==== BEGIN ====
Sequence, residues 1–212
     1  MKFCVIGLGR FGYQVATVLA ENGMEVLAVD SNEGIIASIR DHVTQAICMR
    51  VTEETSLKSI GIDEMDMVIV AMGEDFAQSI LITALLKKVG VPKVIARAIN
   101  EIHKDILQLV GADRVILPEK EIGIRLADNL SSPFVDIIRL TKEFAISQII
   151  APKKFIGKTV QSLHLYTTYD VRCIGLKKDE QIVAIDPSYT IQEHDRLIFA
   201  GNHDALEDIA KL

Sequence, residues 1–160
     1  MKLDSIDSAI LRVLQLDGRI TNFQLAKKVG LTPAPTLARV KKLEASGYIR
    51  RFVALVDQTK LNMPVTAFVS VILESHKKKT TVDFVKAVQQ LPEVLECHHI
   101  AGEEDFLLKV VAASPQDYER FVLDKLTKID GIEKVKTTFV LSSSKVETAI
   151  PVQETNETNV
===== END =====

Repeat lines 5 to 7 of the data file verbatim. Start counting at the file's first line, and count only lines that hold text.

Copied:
   151  APKKFIGKTV QSLHLYTTYD VRCIGLKKDE QIVAIDPSYT IQEHDRLIFA
   201  GNHDALEDIA KL

Sequence, residues 1–160